League of Nations
The League of Nations (French: La Société des Nations) was the predecessor to the United Nations. The League was founded in 1920, after World War I, but failed to maintain peace during World War II. The League had a Council of the great powers and an Assembly of all the member countries.
League of Nations
Société des Nations (French)
|Administrative center||Geneva, Switzerland|
|Common languages||French and English|
|Sir Eric Drummond|
|Historical era||Interwar period|
|10 January 1920|
• First meeting
|16 January 1920|
|20 April 1946|
The League of Nations was thought up by Woodrow Wilson, the American President during the First World War. It was to be a group of nations that worked together to keep peace. One of the reasons for its downfall was that, after a vote, the American public refused to join. The League did not have the power it needed to enforce any of the rules that made it up. This later proved to be a fatal flaw in the League's structure.
Another flaw in the League was that it was not representative enough: no more than 65 nations were members at any given time, and the interests of the leading members (notably Britain and France) often outweighed those of smaller, less powerful members.
The League also had no troops of its own, and decisions it made were often slow. For example, when the Empire of Japan invaded Manchuria (North-East China) in 1931, the League took a whole year to make a decision. When it came, Japan ignored it. When Italy invaded Abyssinia in 1935, the League condemned it more quickly but Italy merely quit the League and continued its conquest. After these disasters the League was thought to be weak and powerless and stopped operations in 1939.
The League did not fail completely: it had prevented a few conflicts in Europe in the 1920s and worked hard to relieve various public health and social problems around the world.
In 1946, the already inactive League of Nations formally ended. The United Nations was established, and still today does many of the same things the League of Nations did.
President Woodrow Wilson arranged a plan for a "government of governments", or rather an international peacekeeping force. The idea of his plan was to settle problems between nations peacefully. Wilson tried to persuade the international community that the league would discourage aggression and tackle the underlying problems that often lead to war, such as poverty. Wilson was however unable to convince the American public into supporting the League. The United States did not want to be part of Wilson’s approach for three reasons:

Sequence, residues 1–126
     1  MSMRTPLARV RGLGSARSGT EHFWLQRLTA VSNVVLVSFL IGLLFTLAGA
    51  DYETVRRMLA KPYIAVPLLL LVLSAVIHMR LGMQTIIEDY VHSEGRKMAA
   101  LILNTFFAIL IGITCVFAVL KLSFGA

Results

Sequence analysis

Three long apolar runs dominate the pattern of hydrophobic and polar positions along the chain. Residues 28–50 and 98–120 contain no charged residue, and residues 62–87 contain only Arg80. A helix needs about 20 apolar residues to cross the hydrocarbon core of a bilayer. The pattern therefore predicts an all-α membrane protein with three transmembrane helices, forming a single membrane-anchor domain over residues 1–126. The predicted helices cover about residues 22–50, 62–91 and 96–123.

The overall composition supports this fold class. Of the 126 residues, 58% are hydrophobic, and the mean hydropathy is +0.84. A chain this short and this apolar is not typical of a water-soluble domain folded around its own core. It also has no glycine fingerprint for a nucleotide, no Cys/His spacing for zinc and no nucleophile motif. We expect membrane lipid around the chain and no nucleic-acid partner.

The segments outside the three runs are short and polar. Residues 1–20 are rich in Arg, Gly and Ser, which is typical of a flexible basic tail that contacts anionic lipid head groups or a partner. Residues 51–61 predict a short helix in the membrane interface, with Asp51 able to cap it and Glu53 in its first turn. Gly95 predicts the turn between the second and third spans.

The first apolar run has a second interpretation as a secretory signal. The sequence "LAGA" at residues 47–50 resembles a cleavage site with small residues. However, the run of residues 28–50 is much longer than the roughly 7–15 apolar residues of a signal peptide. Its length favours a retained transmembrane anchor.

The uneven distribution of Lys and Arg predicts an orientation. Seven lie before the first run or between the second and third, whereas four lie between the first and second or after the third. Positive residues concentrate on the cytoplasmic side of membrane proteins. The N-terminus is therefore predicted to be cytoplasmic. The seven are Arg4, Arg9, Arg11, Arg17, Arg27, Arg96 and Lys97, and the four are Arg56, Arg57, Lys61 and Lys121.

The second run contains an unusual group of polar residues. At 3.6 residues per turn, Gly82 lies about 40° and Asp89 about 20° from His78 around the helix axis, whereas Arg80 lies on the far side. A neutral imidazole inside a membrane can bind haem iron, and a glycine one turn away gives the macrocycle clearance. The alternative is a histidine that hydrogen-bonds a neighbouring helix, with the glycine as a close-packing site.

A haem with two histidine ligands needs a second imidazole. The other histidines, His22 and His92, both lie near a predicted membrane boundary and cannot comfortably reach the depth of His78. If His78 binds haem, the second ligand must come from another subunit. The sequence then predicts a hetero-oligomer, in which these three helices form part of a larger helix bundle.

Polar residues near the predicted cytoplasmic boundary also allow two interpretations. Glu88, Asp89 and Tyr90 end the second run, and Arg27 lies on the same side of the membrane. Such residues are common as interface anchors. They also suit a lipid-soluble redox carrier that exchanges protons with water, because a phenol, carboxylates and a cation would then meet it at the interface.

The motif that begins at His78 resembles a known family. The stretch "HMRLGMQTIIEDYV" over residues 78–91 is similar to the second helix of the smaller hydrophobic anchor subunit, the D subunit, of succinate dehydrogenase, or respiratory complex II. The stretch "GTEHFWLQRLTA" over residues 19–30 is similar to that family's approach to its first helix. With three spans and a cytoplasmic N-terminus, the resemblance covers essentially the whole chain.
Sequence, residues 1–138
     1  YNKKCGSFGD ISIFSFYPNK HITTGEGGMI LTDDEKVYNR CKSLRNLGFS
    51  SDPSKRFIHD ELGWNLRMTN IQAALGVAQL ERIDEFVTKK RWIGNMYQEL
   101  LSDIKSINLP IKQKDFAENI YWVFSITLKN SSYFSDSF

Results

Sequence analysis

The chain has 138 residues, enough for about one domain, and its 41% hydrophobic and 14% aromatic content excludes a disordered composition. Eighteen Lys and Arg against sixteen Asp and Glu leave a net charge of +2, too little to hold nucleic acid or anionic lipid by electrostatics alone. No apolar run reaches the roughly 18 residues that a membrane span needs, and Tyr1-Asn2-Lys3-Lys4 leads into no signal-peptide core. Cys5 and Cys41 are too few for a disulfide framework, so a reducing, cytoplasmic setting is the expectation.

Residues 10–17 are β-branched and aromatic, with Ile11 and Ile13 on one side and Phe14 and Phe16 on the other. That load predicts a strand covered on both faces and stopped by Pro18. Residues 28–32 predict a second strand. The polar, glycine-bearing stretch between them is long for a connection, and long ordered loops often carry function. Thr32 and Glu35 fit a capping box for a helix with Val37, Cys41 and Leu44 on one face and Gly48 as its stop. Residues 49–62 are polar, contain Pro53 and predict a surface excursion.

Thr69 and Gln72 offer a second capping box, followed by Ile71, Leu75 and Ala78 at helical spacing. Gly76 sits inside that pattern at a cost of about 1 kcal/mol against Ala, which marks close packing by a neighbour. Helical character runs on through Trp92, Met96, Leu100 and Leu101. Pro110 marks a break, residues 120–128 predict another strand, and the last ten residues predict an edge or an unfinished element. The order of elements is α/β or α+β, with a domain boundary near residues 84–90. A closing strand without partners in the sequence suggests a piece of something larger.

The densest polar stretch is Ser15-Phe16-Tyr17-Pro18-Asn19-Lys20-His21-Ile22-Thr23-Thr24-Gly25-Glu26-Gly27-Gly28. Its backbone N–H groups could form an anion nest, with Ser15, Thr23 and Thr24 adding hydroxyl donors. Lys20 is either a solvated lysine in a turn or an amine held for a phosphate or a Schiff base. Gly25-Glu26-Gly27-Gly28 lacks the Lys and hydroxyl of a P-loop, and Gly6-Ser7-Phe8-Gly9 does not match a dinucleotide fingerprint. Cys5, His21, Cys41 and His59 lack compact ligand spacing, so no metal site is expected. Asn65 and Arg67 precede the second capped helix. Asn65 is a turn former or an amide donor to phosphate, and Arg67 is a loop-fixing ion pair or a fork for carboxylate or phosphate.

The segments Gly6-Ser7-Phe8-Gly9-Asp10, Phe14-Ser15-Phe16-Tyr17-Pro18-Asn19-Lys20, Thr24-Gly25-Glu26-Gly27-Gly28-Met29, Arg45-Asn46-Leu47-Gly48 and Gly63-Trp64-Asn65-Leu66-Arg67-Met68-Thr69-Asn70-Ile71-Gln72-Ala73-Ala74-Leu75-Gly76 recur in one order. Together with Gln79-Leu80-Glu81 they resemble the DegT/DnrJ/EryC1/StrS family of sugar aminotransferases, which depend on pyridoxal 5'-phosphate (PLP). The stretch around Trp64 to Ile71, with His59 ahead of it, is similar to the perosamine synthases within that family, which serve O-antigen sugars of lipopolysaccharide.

First, the United States had many German immigrants who hated the Treaty of Versailles. The Treaty of Versailles blamed Germany and its allies for the war and said they must pay heavy war reparations. To join The League of Nations, a country had to agree and accept the Treaty of Versailles. German Americans did not accept this.
Second, Americans did not want to risk more Americans dying in a European war, as they had in World War I. They also felt that it would result in pointless actions such as sending soldiers all around the globe to sort out small disputes. This attitude was called isolationism. Most Americans felt it would be best to avoid European and British affairs completely.
Third, the granting of women's voting rights in the United States brought a huge new voting block that overwhelmingly desired to turn inward towards 'isolation'.
These countries joined League of Nations in 1920:
- Argentina (left in 1921 and joined again in 1933)
- Brazil (left the organization in 1926)
- British Empire
United Kingdom of Great Britain and Ireland, Dominion of Canada, Commonwealth of Australia, Federation of New Zealand, Union of South Africa
- Chile (left in 1938)
- Czechoslovakia (left in 1939)
- Denmark (left in 1940)
- El Salvador (left in 1937)
- Guatemala (left in 1936)
- Haiti (left in 1942)
- Honduras (left in 1936)
- Nicaragua (left in 1936)
- Paraguay (left in 1935)
- Peru (left in 1939)
- Romania (left in 1940)
- Spain (left in 1939)
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